What do you think of when I say exercise?  Most people think of going to the gym and lifting weights on a machine or with dumbbells.  Yes, strength training is one form of exercise.  But when you look at keeping your body healthy you need to do 3 types of exercise.  This first one is probably the most important when it comes to keeping us mobile and pain free.

Senior couple workout in rehabilitation center. Personal trainer helps elderly couple to do stretching on the floor. Focus on man.

So what are the 3 forms of exercise?

  1. Stretching
  2. Cardiovascular
  3. Strength Training


Number one, stretching, is probably the most important exercise when it comes to maintaining our mobility and preventing pain as we age.  If we maintain our flexibility, our body can do a better job of getting us out of bed in the morning or getting in and out of our car without pain.


Our body needs to maintain a certain percentage of our normal range of motion as we age.  This allows us to keep moving in our later years.  Our flexibility may not be what it was when we were in our 20’s, but if we don’t work to maintain a normal range of motion our health starts to suffer.  And yes we can regain flexibility as we age.  We just need to use the right techniques to stretch safely. Watch this video on how to stretch safely using a foam roller.


You can use static or active stretching techniques.  Static stretching is when you hold a stretch for longer than 10 seconds.  Active stretching is when you use multiple repetitions to stretch but only holding each stretch for 3-5 seconds.  The key with either technique is not to stretch so hard and fast that you engage your stretch reflex.  Your stretch reflex is a protective mechanism in the muscle that prevents you from injuring the muscle when stretching.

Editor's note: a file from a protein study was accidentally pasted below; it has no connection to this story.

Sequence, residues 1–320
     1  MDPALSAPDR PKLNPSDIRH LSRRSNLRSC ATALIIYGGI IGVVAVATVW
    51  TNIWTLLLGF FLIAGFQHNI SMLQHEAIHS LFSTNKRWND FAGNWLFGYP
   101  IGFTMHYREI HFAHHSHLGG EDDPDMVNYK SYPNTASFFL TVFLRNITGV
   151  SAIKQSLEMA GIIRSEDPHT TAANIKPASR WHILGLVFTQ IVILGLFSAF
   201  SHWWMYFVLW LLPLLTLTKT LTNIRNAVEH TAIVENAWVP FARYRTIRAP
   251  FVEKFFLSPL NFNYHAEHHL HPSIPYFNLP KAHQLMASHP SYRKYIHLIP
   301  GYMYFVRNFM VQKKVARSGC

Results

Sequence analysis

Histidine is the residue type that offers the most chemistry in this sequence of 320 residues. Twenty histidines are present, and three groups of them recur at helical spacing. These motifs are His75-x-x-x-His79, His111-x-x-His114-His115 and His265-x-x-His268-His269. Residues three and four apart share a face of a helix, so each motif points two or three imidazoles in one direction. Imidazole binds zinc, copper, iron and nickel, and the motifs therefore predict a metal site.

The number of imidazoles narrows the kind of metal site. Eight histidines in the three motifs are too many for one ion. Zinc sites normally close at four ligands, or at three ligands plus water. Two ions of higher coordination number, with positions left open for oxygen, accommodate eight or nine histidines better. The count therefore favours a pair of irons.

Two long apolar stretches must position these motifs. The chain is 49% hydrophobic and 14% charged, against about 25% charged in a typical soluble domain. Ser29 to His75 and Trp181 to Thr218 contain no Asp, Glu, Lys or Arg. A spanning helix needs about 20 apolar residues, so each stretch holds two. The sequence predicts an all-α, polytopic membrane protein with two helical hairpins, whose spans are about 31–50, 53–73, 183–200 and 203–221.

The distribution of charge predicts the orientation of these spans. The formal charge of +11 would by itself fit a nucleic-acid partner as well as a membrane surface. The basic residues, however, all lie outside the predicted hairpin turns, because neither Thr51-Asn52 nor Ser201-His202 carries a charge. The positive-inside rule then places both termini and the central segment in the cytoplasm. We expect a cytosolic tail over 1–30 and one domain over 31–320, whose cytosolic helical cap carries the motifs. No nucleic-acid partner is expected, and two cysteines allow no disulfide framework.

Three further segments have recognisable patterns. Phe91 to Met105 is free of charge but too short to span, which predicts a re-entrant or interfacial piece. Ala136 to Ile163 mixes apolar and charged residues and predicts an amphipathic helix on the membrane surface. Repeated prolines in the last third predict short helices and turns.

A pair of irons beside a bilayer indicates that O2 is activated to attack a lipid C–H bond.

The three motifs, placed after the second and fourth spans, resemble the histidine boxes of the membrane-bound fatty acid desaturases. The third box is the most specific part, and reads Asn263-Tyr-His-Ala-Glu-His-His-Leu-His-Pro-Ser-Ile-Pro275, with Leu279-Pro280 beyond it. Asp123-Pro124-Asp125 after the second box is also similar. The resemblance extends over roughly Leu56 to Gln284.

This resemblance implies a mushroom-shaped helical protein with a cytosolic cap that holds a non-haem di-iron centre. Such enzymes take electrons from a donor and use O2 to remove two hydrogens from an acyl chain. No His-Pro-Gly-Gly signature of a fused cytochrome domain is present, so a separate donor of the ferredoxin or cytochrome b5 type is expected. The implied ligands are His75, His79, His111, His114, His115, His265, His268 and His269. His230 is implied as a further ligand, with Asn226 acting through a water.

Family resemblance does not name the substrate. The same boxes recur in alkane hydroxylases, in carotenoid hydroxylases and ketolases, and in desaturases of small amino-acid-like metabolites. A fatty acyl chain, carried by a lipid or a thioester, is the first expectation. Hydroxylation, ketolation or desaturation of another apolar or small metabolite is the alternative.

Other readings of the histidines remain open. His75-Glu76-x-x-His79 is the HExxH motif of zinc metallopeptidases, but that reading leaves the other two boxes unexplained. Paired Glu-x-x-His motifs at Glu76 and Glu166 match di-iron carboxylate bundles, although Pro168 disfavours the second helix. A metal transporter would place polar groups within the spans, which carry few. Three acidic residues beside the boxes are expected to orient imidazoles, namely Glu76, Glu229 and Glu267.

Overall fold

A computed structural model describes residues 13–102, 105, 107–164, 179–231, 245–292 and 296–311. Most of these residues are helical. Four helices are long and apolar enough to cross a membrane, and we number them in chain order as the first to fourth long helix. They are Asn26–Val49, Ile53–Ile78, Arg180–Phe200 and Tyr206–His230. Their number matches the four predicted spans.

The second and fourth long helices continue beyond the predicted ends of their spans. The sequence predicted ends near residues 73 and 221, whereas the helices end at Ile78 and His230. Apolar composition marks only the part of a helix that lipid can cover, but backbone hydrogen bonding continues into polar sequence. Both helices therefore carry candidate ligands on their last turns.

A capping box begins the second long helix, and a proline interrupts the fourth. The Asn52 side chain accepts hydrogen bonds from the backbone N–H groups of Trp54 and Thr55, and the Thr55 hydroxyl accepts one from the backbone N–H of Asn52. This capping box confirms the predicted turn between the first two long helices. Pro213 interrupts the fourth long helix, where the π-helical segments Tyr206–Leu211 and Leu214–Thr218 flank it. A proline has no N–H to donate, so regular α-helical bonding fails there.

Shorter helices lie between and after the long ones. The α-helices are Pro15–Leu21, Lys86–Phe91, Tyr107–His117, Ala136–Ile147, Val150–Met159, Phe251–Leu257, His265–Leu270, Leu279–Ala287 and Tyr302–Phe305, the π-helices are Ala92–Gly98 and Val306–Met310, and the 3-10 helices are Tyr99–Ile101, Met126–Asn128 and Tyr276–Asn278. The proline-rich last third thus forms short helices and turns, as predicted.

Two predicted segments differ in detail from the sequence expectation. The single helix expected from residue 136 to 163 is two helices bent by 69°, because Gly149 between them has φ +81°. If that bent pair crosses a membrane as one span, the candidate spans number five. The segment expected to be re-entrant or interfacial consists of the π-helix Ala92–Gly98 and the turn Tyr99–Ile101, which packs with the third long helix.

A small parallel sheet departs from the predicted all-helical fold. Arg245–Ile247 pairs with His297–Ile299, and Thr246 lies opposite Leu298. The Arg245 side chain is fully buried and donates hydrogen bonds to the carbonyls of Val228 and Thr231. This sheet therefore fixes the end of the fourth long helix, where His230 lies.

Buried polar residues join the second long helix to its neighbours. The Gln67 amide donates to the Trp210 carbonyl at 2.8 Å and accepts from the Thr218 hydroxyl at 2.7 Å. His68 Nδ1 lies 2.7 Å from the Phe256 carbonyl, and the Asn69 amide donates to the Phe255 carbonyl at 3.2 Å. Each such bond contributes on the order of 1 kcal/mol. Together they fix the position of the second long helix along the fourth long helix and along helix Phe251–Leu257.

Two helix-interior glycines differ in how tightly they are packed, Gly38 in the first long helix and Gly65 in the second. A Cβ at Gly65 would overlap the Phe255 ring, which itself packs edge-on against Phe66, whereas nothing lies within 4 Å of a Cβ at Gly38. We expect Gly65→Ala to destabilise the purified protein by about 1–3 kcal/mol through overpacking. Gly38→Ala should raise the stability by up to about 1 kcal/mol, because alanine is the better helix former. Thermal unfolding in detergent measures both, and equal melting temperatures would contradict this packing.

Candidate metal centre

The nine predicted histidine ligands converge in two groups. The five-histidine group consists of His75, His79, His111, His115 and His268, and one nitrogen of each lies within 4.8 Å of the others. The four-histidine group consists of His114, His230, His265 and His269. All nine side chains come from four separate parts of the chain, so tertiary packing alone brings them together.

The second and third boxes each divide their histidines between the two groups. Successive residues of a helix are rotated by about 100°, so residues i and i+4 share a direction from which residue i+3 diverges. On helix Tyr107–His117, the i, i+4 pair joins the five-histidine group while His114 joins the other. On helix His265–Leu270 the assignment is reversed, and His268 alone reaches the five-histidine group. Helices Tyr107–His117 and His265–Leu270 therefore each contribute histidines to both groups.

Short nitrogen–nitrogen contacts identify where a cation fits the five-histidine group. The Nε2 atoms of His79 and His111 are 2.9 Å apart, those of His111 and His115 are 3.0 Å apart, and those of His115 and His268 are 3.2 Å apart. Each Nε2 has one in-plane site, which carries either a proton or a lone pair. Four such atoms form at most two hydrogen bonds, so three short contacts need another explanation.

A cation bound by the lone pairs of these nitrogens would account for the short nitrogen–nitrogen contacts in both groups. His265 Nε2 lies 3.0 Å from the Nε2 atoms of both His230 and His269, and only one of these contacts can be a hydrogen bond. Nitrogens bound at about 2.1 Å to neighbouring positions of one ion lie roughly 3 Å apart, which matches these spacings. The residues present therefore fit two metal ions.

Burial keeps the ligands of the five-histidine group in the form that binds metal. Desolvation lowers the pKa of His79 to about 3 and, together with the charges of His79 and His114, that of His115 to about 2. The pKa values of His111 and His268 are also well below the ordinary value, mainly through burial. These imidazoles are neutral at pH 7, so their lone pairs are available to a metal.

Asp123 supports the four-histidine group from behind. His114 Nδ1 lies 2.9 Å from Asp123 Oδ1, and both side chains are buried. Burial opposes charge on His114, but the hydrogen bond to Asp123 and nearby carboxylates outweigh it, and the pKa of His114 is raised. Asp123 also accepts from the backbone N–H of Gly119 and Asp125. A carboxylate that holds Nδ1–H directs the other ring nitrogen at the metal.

Both stretching techniques can be effective if you know when and how to use them.  So always talk to a professional that can help you decide what is best for your body.

3 Tips for Feeding Your Brain

The brain is an incredible organ.  Did you know that almost 60% of your brain is made of fat? I guess when we were kids and called each other “Fatheads” we were anatomically correct!brain-

The brain serves several functions including motor control, sensory, regulation and cognition.  It is connected to the spinal cord and then to the peripheral nerves to generate movement and receive sensations from the sensory nerves.  Cognitive function in the brain mainly occurs in the prefrontal cortex.

As we age our brain changes just like the rest of our body.  But there are things we can do to slow the degenerative changes we all face. One of the easiest things we can do is eat right for our brains.  Your brain needs vital nutrients, vitamins and fats to have proper and optimal function.

Watch this video to learn why “Your brain needs Omega-3 fatty acids to function properly”.

  1. You can start with adding more green leafy vegetables to your diet. This will help your brain and your heart.


  1. The food that gets the most coverage in the media these days are the good fats. They include Omega-3, DHA and EPA. Low levels of DHE have been linked to increased risk of dementia. So salmon and nuts should be a part of your weekly diet.


  1. Olive oil is another source of good fats. Try adding a good cold pressed virgin oil to your cooking or use it in salad dressings. Finally blueberries and red wine are also good brain food. You can add fresh or frozen blueberries to your morning cereal. I like the fact that red wine is good for the brain. Ok, in moderation, like most things. I also don’t suggest putting the wine on your cereal for breakfast either.

Does Your Body Feel Like a Beat Up Hockey Player’s?